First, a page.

Similar to the IS network, conduction losses can also be reduced in the diodes D1 and D2 of VDR. The implementation of transistors instead of diodes in VDR will result in the bidirectional operation capability of IS DC-DC converter. In consideration of all the mentioned modification possibilities, an example of a high-performance qZSC is presented in Fig. 2 (c).
- C. Basic Control Principles
In [27] and [28] , two basic shoot-through control methods for IS DC-DC converters were proposed, namely, PWM and phase shift modulation (PSM). Shoot-through states [ Fig. 4 (a)] are typically generated within zero states [ Figs. 4 (d) and (e)], wherein the zero and shoot-through states are equally distributed over the switching period, so that the number of high harmonics in the transformer primary can be reduced. To minimize switch losses, the number of shoot-through states per period is limited to two. Shoot-through current is also evenly distributed between both inverter legs by switching on all four transistors.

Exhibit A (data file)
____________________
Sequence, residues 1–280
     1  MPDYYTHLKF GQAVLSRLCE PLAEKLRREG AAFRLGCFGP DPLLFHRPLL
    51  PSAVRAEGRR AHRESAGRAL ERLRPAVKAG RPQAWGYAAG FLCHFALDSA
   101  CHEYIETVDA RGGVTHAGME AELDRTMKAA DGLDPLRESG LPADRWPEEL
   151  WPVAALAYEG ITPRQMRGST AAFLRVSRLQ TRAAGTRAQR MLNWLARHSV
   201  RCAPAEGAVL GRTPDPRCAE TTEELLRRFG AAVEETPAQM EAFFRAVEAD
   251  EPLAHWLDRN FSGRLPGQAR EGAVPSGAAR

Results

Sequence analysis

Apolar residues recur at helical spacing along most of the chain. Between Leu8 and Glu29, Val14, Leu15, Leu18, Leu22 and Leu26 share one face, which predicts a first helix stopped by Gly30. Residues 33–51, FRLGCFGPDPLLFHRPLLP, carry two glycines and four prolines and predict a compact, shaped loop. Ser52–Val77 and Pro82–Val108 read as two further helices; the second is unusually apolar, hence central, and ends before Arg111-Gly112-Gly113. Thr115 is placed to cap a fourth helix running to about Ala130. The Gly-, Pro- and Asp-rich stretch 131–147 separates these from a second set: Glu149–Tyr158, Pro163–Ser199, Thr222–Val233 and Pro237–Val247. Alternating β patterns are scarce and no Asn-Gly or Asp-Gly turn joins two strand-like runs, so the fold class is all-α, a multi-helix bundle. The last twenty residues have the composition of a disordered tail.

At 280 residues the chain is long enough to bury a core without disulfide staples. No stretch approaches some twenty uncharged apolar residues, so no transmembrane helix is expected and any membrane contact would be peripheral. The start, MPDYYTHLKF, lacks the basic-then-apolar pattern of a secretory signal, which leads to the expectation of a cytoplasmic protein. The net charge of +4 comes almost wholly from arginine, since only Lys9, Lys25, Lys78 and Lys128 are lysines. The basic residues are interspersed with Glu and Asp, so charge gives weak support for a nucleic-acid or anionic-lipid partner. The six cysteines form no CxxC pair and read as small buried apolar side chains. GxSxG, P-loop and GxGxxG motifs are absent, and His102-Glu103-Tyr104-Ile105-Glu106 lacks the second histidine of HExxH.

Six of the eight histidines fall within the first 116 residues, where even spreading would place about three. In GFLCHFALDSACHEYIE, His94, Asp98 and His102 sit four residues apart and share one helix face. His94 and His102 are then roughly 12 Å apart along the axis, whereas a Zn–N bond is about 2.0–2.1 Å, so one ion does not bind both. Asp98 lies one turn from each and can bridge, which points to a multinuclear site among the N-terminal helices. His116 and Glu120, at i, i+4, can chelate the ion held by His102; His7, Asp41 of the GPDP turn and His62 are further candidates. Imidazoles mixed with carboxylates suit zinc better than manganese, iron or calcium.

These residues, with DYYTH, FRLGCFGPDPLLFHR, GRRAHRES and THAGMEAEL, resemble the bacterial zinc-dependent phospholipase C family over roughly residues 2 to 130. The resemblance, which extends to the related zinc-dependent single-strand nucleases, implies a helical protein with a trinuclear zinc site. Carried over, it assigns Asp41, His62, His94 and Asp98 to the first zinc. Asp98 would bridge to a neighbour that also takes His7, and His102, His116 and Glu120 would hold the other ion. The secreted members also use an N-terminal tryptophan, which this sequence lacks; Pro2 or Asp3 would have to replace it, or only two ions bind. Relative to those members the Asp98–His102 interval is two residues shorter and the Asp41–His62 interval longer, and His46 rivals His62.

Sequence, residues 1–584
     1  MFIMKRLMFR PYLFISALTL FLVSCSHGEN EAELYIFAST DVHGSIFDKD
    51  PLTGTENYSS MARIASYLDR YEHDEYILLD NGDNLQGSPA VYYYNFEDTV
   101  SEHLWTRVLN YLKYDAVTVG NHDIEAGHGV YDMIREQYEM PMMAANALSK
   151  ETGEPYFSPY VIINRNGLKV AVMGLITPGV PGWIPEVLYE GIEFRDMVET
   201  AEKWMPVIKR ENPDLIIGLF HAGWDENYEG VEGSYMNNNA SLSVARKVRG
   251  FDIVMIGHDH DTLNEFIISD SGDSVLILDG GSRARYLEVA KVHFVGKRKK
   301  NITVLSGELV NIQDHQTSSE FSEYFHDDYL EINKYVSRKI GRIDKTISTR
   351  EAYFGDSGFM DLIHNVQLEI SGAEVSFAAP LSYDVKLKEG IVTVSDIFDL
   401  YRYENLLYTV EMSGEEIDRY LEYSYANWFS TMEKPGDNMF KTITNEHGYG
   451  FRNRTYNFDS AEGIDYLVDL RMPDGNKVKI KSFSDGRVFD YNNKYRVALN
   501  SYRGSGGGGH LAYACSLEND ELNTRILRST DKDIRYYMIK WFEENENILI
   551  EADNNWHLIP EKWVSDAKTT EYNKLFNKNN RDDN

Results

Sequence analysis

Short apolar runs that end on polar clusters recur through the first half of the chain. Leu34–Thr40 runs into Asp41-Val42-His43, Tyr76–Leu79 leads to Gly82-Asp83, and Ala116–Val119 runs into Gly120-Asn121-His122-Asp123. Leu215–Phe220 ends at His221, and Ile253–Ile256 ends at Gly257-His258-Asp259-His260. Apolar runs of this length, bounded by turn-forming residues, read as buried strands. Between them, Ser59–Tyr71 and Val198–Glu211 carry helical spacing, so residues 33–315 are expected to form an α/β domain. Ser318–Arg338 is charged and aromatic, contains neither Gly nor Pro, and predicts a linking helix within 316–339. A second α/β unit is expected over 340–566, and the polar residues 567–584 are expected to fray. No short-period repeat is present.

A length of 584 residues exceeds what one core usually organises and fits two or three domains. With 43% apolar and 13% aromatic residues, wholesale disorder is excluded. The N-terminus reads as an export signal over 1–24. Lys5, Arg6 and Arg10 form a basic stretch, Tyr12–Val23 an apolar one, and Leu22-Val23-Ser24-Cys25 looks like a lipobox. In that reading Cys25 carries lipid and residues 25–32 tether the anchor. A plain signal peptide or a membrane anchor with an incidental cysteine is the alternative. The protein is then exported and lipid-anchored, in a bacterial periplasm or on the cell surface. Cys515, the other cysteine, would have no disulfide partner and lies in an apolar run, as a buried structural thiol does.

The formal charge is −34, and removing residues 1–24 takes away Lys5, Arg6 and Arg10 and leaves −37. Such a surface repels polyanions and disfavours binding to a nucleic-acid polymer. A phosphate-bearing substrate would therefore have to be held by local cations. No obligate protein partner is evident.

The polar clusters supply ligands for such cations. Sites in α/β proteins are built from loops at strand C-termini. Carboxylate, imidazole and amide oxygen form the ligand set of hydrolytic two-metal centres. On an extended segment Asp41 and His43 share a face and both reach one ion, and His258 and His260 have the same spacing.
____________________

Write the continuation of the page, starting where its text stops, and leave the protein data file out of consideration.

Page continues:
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Main operating states of the front-end inverter in qZSC: (a) Shoot-through state. (b), (c) Active states. (d), (e) Zero states.
In consideration of conduction losses, both shoot-through control methods (PWM and PSM) are fairly identical because the number of conduction states and their duration will not be changed [29] . In case of the PSM shoot-through control method, the switching losses are increased by more than 20% because of an increased number of hard-switched commutations. PSM results in higher overvoltages in the system in comparison with the PWM shoot-through control method [28] . Hence, PWM shoot-through control seems to be a better method for IS DC-DC converters than PSM.
III. NEW PWM SHOOT -THROUGH CONTROL METHODS
All the proposed control methods were specially developed for the family of IS galvanically isolated DC-DC converters. IS DC-DC converter was based on the full-bridge single-phase inverter, where the top and bottom groups of transistors are denoted as T1 , T3 and T2 , T4 , respectively.
- A. PWM Control with Shifted Shoot-Through (Method A)